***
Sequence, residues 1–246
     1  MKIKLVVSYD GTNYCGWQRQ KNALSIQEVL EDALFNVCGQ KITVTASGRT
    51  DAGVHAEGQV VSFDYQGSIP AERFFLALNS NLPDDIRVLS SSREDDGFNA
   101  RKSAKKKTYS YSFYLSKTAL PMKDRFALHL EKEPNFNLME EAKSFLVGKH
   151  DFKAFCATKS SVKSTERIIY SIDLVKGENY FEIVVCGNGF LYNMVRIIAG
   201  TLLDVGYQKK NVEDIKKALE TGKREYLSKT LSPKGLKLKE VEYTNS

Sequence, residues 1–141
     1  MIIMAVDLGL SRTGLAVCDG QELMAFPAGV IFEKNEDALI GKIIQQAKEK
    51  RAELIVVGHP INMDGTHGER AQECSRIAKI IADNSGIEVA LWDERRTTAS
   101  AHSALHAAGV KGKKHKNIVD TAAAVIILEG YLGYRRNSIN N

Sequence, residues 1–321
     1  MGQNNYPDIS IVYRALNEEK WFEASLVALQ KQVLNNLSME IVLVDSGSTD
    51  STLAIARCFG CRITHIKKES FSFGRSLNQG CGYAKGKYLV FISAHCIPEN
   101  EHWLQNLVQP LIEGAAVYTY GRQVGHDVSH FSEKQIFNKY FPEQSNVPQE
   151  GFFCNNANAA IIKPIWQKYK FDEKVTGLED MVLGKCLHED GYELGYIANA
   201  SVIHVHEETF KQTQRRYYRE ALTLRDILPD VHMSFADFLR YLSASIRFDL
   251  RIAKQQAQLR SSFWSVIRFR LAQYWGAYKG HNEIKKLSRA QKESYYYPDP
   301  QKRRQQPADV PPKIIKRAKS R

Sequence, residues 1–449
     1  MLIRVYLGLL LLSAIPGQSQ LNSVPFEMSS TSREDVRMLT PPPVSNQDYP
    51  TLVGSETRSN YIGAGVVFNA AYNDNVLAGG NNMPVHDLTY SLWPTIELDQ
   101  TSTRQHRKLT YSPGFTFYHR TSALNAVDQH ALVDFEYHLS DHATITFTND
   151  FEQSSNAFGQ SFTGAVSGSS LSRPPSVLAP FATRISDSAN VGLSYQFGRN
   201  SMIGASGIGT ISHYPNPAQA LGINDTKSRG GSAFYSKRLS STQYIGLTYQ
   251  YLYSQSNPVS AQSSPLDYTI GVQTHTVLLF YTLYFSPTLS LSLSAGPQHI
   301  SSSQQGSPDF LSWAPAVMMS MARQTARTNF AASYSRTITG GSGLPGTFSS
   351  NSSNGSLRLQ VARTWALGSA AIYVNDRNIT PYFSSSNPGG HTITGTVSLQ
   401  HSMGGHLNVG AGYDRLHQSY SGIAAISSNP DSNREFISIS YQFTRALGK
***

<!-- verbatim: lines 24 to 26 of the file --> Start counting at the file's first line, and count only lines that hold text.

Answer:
   201  SMIGASGIGT ISHYPNPAQA LGINDTKSRG GSAFYSKRLS STQYIGLTYQ
   251  YLYSQSNPVS AQSSPLDYTI GVQTHTVLLF YTLYFSPTLS LSLSAGPQHI
   301  SSSQQGSPDF LSWAPAVMMS MARQTARTNF AASYSRTITG GSGLPGTFSS